How to Find Reliable Health Information Online 

By Jim Miller

Dear Savvy Senior,

How can I tell if the health information on a website is trustworthy? I usually do a Google search on a symptom, drug or health condition when I want to research something, but with so much information out there I’m not sure what I can trust.

  • Skeptical Sal

Dear Sal,

You’re wise to be skeptical. There’s an overwhelming amount of health advice on the internet today, making it difficult to tell what’s credible. To help you sort through the online clutter and locate reliable, trustworthy health information, here are a few tips to follow, along with some top-rated sites you can turn to with confidence.

Savvy Searching

First, know that Google or Bing are not always the best place to start a search. You’ll increase your odds of finding reliable health information if you begin with websites operated by government agencies (identified by URLs ending in .gov), medical associations (often .org) or academic institutions (.edu).

Commercial websites (usually ending in .com), such as drug or insurance companies that may be trying to sell you their products, are usually not the most trustworthy options. To find out what organization is sponsoring a site and where the information came from, click on the “About Us” tab on the site’s home page.

Also note that good health and medical information changes all the time, so check the date that the information was published to make sure it is current.

Some other areas you need be wary of include online symptom checkers and artificial intelligence (AI) tools. While symptom checkers do offer potential diagnoses that could fit your set of symptoms, they are often inaccurate and tend to err on the side of caution, according to Ateev Mehrotra, professor of health care policy at Harvard Medical School. AI tools, like ChatGPT, can also be wrong or generate false but scientific sounding information.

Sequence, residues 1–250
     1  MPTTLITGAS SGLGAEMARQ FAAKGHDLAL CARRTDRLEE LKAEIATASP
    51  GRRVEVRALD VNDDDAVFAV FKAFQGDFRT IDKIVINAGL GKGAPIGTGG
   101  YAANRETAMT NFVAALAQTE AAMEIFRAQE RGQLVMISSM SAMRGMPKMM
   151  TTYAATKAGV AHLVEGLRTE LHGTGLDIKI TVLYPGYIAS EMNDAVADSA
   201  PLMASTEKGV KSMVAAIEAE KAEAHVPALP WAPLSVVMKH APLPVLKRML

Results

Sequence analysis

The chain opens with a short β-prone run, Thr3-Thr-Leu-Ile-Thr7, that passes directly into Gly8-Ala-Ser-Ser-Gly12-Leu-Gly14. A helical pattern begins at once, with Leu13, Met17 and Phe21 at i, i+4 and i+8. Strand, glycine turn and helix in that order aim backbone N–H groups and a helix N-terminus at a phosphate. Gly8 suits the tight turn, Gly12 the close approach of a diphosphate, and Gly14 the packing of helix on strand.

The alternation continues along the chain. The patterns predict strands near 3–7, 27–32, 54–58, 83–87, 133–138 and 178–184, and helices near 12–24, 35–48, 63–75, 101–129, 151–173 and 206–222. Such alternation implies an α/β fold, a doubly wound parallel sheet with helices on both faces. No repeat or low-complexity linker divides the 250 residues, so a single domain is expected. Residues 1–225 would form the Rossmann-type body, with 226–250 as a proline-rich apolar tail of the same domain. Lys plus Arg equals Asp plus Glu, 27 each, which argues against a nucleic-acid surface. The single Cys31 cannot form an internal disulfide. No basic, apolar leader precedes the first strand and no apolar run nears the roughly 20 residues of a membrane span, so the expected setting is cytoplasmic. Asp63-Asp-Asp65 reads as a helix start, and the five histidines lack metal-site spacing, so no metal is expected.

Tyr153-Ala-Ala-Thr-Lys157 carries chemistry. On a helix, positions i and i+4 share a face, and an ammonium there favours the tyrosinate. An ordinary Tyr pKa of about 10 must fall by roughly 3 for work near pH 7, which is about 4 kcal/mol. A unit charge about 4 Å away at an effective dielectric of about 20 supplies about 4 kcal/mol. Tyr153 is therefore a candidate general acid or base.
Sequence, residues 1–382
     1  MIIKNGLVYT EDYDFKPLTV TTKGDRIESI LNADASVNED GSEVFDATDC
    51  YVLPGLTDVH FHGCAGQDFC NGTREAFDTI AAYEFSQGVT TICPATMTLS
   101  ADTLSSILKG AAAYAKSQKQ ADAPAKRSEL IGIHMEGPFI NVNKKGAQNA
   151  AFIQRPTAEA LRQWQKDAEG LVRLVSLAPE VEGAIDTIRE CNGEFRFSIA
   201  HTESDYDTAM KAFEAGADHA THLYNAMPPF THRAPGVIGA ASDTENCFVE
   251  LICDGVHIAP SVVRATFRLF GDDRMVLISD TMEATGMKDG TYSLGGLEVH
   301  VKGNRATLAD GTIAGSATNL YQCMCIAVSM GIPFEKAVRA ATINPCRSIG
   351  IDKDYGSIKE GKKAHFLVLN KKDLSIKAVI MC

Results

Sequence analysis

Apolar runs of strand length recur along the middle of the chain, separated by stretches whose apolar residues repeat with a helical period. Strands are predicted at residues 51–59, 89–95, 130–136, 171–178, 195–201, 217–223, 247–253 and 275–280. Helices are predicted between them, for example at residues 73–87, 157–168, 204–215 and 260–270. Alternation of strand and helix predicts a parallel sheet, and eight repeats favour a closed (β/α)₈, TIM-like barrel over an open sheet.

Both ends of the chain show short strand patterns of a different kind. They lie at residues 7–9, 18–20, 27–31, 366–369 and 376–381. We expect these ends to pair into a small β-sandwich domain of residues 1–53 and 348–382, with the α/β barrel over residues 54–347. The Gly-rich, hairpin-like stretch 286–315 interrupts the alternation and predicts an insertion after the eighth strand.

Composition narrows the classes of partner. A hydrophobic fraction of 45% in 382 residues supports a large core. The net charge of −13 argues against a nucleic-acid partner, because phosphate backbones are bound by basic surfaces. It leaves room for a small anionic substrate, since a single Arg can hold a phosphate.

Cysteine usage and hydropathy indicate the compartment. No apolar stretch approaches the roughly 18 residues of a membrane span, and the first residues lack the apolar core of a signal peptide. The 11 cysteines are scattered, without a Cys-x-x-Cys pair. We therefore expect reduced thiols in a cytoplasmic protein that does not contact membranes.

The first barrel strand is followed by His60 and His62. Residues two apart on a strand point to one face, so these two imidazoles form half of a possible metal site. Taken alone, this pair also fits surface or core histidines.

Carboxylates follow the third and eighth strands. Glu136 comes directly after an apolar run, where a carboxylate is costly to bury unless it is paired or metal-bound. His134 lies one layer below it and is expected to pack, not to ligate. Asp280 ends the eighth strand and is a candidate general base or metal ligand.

You also need to be cautious about using medical information from social media, online forums or YouTube. Comments in these places may sound authoritative even if the authors have no medical training or expertise.

Top Health Sites

While there are many excellent websites that provide reliable health and medical information, one of the best all-purpose sites that is recommended by Consumer Reports for researching symptoms and conditions is MedlinePlus (medlineplus.gov).

A service of the National Library of Medicine, the world’s largest medical library, and part of the National Institutes of Health, MedlinePlus provides high-quality, trustworthy health and wellness information that’s easy to understand and free of advertising.

Here are a few additional websites recommended by the Medical Library Association and others to help you find reliable information on specific diseases, conditions and treatments.

Cancer: National Cancer Institute (cancer.gov), American Cancer Society (cancer.org) and the National Comprehensive Cancer Network (nccn.org).

Heart disease: American Heart Association (americanheart.org), National Heart, Lung and Blood Institute (nhlbi.nih.gov).

Diabetes: American Diabetes Association (diabetes.org).

Alzheimer’s disease: Alzheimer’s Association (alz.org) and Alzheimers.gov.

Public health and vaccines: Center for Disease Control and Prevention (cdc.gov).

Alternative medicine: National Center for Complementary and Integrative Health (https://www.nccih.nih.gov/) and the National Institutes of Health’s Office of Dietary Supplements (ods.od.nih.gov).

Be sure to save or print your online research findings, including the sites that provided the information, so you can review them with your doctor.

Send your senior questions to: Savvy Senior, P.O. Box 5443, Norman, OK 73070, or visit SavvySenior.org. Jim Miller is a contributor to the NBC Today show and author of “The Savvy Senior” book.

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